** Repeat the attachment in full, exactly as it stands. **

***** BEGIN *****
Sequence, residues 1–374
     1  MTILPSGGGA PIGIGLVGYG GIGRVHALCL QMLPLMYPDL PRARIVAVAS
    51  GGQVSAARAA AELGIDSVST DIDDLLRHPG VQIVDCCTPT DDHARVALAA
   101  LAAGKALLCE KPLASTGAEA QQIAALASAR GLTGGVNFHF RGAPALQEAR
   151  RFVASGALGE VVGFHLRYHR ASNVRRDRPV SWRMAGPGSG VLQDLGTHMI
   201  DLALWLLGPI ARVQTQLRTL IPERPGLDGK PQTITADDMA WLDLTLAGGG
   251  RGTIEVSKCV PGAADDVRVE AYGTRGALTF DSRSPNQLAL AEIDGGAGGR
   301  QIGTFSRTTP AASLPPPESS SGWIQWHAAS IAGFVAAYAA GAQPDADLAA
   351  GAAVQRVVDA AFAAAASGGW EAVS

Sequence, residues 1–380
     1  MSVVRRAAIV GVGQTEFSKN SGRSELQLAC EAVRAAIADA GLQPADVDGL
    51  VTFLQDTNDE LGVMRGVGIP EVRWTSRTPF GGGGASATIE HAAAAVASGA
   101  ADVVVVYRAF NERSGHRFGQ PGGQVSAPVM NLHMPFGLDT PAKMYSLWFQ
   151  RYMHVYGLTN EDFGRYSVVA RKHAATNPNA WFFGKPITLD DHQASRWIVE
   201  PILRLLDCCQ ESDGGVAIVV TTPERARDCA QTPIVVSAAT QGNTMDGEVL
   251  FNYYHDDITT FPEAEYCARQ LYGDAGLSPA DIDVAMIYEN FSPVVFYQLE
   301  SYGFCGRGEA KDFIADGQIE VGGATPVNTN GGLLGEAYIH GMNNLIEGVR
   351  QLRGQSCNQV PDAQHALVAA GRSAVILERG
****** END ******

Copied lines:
Sequence, residues 1–374
     1  MTILPSGGGA PIGIGLVGYG GIGRVHALCL QMLPLMYPDL PRARIVAVAS
    51  GGQVSAARAA AELGIDSVST DIDDLLRHPG VQIVDCCTPT DDHARVALAA
   101  LAAGKALLCE KPLASTGAEA QQIAALASAR GLTGGVNFHF RGAPALQEAR
   151  RFVASGALGE VVGFHLRYHR ASNVRRDRPV SWRMAGPGSG VLQDLGTHMI
   201  DLALWLLGPI ARVQTQLRTL IPERPGLDGK PQTITADDMA WLDLTLAGGG
   251  RGTIEVSKCV PGAADDVRVE AYGTRGALTF DSRSPNQLAL AEIDGGAGGR
   301  QIGTFSRTTP AASLPPPESS SGWIQWHAAS IAGFVAAYAA GAQPDADLAA
   351  GAAVQRVVDA AFAAAASGGW EAVS

Sequence, residues 1–380
     1  MSVVRRAAIV GVGQTEFSKN SGRSELQLAC EAVRAAIADA GLQPADVDGL
    51  VTFLQDTNDE LGVMRGVGIP EVRWTSRTPF GGGGASATIE HAAAAVASGA
   101  ADVVVVYRAF NERSGHRFGQ PGGQVSAPVM NLHMPFGLDT PAKMYSLWFQ
   151  RYMHVYGLTN EDFGRYSVVA RKHAATNPNA WFFGKPITLD DHQASRWIVE
   201  PILRLLDCCQ ESDGGVAIVV TTPERARDCA QTPIVVSAAT QGNTMDGEVL
   251  FNYYHDDITT FPEAEYCARQ LYGDAGLSPA DIDVAMIYEN FSPVVFYQLE
   301  SYGFCGRGEA KDFIADGQIE VGGATPVNTN GGLLGEAYIH GMNNLIEGVR
   351  QLRGQSCNQV PDAQHALVAA GRSAVILERG